Ms Altmann's appointment was imaginative and courageous. But why choose somebody of her qualities and then marginalise her? When I interviewed her for an extended profile I wrote in "Pensions Age" magazine last December she was utterly loyal to her Department chief and her Government in what she said to me. She has been the model Minister despite the frustrations which now emerge.

So we have a supremely well qualified person in a key job which she does very well despite the constraints on her and she is also someone who has never let her frustrations boil over - at least in public. Then her dysfunctional Secretary of State throws a contrived hissy fit and storms out of Government. It seems totally natural to me, and highly admirable, that Ros feels released to tell it how it was. That's the "honesty" bit – she does “human”. It's not unique - think Geoffrey Howe or James Purnell among many others - but it's highly admirable by the standards of normal people - if not by the club rules of the Westminster insiders.

Ros Altmann is not a Westminster insider. Part of the cosy club of Tories inside and outside Government who fight their self-indulgent games. She was appointed to do a job, has the knowledge, experience and intellect to do it well. And then finds herself in the uncongenial world of Iain Duncan Smith.

The only reason to call for Ros Altmann's dismissal would be that she has stood up to the Right Wing, opinionated, self-promoting world inhabited by Iain Duncan Smith and his noxious gang. And that's no reason at all.

Sunday, March 20, 2016

After IDS is is best to hold on to Nurse for fear of something worse?


"Why are you interested in politics?” friends often ask me with a follow up that it is a grubby business full, of power mad degenerates who in the main you wouldn’t let into your home. My answer is that I’m actually not interested at all in the minutiae of political manoeuvring and not THAT interested in Party Politics either. I am interested in issues and in laws and governance. I like Parliament and am impressed by some of the debates and nearly always by what goes on in Committees. And I also believe that most politicians are decent people and want to be good public servants.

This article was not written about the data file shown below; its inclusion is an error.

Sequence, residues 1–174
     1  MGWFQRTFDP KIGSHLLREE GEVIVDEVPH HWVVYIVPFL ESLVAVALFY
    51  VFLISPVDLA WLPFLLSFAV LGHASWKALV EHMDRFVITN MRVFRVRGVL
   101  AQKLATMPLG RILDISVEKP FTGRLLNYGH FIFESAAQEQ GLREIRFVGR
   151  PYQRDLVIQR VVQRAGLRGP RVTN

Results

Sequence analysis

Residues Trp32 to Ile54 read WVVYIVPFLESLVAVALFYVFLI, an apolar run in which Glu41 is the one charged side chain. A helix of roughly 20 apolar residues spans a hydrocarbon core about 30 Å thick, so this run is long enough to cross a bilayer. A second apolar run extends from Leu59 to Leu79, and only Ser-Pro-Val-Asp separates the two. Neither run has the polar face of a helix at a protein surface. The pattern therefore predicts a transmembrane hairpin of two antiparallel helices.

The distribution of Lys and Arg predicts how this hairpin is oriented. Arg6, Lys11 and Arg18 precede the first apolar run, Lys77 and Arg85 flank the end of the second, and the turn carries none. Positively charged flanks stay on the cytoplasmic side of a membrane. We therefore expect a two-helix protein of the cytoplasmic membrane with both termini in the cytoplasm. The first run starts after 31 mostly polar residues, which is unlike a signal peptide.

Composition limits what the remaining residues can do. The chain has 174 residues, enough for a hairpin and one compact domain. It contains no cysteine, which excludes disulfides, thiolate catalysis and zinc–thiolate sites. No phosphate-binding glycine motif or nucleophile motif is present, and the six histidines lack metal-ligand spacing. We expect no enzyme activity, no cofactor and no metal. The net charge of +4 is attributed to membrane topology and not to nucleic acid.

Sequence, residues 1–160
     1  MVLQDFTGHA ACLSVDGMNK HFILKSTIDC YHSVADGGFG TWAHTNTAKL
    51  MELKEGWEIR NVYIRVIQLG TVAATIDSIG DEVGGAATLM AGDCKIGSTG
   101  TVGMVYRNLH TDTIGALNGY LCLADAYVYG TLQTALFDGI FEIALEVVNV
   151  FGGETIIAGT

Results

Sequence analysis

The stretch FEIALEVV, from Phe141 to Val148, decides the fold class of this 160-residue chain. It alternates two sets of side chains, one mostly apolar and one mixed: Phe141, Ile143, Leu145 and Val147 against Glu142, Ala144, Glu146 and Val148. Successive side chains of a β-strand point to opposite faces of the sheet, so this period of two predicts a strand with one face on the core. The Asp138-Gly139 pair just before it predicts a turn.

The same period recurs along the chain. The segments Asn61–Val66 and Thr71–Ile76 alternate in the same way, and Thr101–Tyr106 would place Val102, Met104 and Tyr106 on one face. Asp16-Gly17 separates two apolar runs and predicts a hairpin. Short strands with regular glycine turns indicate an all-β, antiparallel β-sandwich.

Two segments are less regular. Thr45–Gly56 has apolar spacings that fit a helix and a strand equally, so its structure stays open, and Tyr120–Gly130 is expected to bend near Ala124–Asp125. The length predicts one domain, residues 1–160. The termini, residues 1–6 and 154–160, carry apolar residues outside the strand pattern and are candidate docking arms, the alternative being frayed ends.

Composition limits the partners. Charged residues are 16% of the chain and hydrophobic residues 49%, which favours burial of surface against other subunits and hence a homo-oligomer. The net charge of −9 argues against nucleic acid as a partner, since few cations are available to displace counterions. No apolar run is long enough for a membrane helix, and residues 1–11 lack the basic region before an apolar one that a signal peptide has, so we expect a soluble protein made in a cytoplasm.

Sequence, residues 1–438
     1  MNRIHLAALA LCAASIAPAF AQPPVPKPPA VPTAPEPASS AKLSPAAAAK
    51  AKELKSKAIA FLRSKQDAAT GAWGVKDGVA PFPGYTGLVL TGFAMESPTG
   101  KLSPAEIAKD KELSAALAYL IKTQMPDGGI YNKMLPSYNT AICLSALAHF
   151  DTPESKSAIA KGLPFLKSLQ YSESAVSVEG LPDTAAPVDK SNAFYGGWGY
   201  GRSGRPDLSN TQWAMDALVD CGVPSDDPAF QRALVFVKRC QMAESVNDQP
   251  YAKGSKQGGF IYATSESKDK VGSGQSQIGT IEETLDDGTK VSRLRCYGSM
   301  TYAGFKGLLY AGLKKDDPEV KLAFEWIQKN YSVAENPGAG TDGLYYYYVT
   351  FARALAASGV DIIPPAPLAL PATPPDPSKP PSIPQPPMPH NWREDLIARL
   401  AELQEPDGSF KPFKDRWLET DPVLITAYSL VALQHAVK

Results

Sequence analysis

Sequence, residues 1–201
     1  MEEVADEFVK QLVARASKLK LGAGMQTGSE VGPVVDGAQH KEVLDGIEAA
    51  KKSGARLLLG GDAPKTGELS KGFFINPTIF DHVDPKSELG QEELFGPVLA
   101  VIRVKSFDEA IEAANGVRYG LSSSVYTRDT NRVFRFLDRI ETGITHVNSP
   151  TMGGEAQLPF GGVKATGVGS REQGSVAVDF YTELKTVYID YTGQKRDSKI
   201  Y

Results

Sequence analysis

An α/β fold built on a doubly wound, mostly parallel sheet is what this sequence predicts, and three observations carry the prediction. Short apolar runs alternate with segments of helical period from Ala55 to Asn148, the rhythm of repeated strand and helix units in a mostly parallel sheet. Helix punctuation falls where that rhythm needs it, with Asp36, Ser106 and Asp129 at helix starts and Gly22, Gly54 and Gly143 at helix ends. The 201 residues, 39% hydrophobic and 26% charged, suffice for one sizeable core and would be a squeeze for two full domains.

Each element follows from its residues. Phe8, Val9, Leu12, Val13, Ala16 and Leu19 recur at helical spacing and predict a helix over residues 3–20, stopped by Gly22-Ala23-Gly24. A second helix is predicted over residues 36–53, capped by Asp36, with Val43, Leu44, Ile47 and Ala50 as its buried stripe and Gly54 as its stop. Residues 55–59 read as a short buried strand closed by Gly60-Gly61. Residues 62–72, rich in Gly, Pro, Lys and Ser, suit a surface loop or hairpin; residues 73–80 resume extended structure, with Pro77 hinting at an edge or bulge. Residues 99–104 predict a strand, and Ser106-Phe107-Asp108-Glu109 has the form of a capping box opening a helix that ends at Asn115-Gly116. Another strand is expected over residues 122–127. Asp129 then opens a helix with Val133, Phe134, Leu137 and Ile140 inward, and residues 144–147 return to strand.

Issues are what matters. That is why I am sometimes intemperate when they are subsumed into political and party political advantage games. The idea that the British population was clamouring for a referendum on our membership of the European Union is preposterous. We are only having it to help heal Conservative Party wounds (it won’t of course). So now our Governing Party is split at every level. On the ground, in Parliament and even in the Cabinet. It is unworthy and dangerous. The negotiations were a charade and to sell the outcome as “Good For Britain” disingenuous in the extreme. And of course it is Europe which really lies behind the IDS shambles.

Margaret Thatcher fell over Europe. John Major’s premiership was bedevilled by the subject. Cameron has tried to finesse it but IDS, Boris, Gove and co aren’t having any of it. Commentators who are pro Brexit are almost exclusively from the Tory Right. The website “Conservative Home” (to which I contribute from time to time) is a forum for Anti EU rants. As is The Spectator, the Daily Mail, the Daily Express, The Daily Telegraph, The Sun and the rest of the increasingly Right Wing and profoundly Eurosceptic press. Support for the Government’s position comes only from The Guardian and the Daily Mirror – and a few of The Times’s correspondents (if not its proprietor!). How odd is that?

Minister of State in the DWP Ros Altmann says about IDS:

“He seems to want to do maximum damage to the party leadership in order to further his campaign to try to get Britain to leave the EU”